3.  Identify two or three things from your daydream that you are not doing but in reality could do. For example say your daydream includes getting up early every day and going to a yoga or meditation class. It may also be a yearning for support from a group such as Weight Watchers. Perhaps you daydreamed about taking a luxurious bath each night, writing your novel or making time to paint.

Now that you are aware of two or three activities that you yearn to do pick the top one that appeals to you. (I’d start with the one that will give you the most immediate joy).

Make a promise and commitment to yourself that you will do that one – just one for now as an experiment to see how doing something for yourself impacts your life. Commit to following through with this activity for at least three weeks.

4. After three weeks review how following through on a promise to yourself made you feel. How did doing something for yourself impact your life? Make a list of what you have gained by doing this one activity for yourself. Sometimes it only takes doing one thing for ourselves to spring us out of the grip of catering to other people’s emotions.

For example, did it help you to be able to begin saying, “no” when you wanted to? Do you begin to feel more energetic and enthused about your life? Are you starting to see the possibilities that are available and to feel like your old self again?

5.  After 3 weeks add the second activity to your life that you identified in #3. You promised yourself, remember? Doing two things for yourself doesn’t make you selfish. (I know what you are thinking!).

What would happen if you fell through on every commitment you made in your life to others?

Would you still be employed? No.

Would you lose credibility with your family and friends?  Yes.

Would you lose respect for yourself? Yes you would. And, this is what happens when we put ourselves last and do not make ourselves a priority which is  what I mean by being your own Valentine.

6. Spend five minutes every day reveling in your day-dream. Take out your index card and re-read it. Close your eyes and recall the wonderful sense of freedom and joy this daydream brought to you. You can feel this way everyday. It only requires that you follow through on the promise you made to  yourself. Remember that the way you live one day is the way you live every day.

(An easy time to fit recalling your day-dream is when you are showering or brushing your teeth. The more you let yourself get into the day dream the more motivated you will be to continue to carry out your own self-care routine.)

I hope you decide to make yourself your own Valentine this year. Being a sensitive is a wonderful trait but you musn’t let it consume you.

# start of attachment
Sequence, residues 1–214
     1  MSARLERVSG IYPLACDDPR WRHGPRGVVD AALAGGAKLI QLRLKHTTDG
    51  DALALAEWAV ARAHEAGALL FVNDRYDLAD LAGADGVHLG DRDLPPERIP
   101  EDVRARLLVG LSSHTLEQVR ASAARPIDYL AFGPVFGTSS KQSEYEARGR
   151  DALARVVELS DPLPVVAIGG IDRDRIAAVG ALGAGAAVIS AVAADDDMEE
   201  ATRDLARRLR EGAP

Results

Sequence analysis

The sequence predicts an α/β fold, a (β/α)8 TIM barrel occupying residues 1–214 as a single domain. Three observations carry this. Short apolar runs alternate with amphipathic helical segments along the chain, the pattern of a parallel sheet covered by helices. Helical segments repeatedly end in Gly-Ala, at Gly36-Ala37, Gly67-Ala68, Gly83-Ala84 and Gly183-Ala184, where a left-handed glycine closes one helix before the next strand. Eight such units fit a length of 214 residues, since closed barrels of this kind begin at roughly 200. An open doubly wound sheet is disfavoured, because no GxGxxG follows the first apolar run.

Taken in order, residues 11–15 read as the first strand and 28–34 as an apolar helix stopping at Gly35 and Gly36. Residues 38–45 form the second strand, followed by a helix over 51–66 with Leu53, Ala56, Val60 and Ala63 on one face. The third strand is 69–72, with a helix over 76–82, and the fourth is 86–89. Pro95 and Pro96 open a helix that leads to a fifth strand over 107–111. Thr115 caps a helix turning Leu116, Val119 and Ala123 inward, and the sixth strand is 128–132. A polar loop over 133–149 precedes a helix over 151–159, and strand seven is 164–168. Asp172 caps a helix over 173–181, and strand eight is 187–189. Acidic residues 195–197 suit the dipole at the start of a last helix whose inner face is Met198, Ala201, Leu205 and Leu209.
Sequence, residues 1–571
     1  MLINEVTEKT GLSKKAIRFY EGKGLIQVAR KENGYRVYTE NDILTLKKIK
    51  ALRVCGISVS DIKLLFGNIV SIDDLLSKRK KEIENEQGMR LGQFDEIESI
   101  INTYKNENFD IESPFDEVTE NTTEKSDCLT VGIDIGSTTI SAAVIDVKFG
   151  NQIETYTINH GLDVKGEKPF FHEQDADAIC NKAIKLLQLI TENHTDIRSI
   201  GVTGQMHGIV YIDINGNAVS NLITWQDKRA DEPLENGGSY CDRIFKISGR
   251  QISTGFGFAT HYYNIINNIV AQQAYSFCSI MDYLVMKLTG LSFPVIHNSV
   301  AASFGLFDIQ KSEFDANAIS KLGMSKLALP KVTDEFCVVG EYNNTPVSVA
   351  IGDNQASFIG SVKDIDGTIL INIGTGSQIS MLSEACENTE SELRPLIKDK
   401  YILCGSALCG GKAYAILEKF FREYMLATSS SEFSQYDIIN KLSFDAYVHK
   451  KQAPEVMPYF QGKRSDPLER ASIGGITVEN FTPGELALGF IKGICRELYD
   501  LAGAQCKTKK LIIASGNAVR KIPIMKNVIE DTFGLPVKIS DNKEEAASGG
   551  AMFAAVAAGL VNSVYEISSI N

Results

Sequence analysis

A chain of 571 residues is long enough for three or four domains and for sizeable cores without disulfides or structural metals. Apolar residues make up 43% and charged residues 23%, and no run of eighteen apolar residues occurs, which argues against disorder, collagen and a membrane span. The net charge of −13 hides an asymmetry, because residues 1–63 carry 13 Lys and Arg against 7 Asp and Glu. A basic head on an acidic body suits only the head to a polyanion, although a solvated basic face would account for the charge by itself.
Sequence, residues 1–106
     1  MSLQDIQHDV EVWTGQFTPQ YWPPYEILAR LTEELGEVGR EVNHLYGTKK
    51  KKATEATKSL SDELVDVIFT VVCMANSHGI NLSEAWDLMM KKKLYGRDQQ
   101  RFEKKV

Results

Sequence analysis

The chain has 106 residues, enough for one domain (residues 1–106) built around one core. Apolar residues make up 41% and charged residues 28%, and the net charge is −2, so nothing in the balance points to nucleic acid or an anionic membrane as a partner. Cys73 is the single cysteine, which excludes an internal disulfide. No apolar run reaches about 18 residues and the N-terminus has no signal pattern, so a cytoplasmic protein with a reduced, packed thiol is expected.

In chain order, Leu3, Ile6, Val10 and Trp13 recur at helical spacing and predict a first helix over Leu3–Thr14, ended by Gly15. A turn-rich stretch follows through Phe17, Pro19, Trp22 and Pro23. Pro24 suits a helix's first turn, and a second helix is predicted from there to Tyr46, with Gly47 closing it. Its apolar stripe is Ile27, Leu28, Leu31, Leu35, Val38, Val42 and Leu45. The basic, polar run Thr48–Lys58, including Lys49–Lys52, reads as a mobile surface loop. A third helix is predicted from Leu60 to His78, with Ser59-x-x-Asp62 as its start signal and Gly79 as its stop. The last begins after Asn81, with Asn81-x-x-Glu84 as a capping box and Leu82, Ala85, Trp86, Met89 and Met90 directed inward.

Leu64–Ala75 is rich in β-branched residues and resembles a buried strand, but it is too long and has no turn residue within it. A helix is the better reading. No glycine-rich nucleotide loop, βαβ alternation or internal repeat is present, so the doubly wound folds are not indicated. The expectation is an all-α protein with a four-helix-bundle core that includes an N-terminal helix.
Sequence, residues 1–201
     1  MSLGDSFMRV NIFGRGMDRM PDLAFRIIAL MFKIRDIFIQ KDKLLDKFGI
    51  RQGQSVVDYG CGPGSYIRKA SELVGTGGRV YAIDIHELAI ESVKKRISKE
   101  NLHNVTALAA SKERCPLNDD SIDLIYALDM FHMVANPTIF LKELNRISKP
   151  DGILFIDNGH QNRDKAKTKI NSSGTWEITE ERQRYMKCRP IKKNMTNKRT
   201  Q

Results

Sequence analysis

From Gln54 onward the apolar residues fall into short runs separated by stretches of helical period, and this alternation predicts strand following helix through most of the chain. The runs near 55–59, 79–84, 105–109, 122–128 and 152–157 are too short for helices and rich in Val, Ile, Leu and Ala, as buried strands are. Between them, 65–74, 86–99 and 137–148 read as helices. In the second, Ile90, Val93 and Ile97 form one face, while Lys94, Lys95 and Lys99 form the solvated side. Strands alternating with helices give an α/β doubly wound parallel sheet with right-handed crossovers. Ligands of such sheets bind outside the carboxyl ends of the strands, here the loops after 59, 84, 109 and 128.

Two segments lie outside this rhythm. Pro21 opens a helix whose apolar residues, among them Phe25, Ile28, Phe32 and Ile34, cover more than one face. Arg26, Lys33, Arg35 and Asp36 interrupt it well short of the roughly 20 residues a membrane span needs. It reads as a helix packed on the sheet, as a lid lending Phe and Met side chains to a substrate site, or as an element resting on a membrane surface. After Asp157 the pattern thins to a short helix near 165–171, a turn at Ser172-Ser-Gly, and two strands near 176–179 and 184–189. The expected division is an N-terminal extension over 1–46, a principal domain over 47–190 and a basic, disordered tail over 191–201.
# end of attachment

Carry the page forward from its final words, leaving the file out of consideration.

Are you a sensitive? What activities or dreams have you let go of because of your compulsion to serve others first? What activities can you put back into your life to show that you are your own Valentine?

Did you enjoy this article? Share it with a friend on Twitter, FB or Google+!

P.S. Learn to listen to your intuition without being bombarded by other people’s emotions: Click here!

Photo credit: © Konstantin Yuganov –


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The Sensitive Person’s Guide to Overcoming Fear, Indecisiveness and Inaction

The Sensitive Person’s Guide to Overcoming Fear, Indecisiveness and Inaction

Sensitive woman

Are you a “sensitive” person? Do your fears undermine your confidence, create indecisiveness and lead to inaction?

Not sure if you’re a sensitive or not? There are a number of definitions of a sensitive. Here’s mine from my own experience:

The sensitive person is a highly perceptive person. They are acutely aware of the subtle nuances in their environment and the atmosphere around them. They are all too aware of the feelings of others. Sensitives pick up on cues that many people overlook such as the subtle changes in tone, facial expression and emotions of the people they are with and gain insight and meaning from these subtleties. They empathize deeply with others and not only understand but experience what others are feeling. In other words, they are extremely intuitive.

Being a sensitive person has its pros and cons.

On the pro side I believe that perceiving so many more layers to reality than meets the physical eye contributes to creativity and imagination. It’s also extremely useful when sizing up a person or situation. You gain insight quickly due to this extended sense of awareness.

One of the major cons I have found from my own life experience is that having a sense that isn’t often shared by others has made me feel odd and misunderstood at times especially, by my family.

When I was a child I was deathly afraid of the dark and for good reason. I saw and heard things that frightened me that my parents assured me were not there. No matter how hard I tried to convince them that what I saw was real they attributed it to shadows in the dark and insisted it was just my imagination.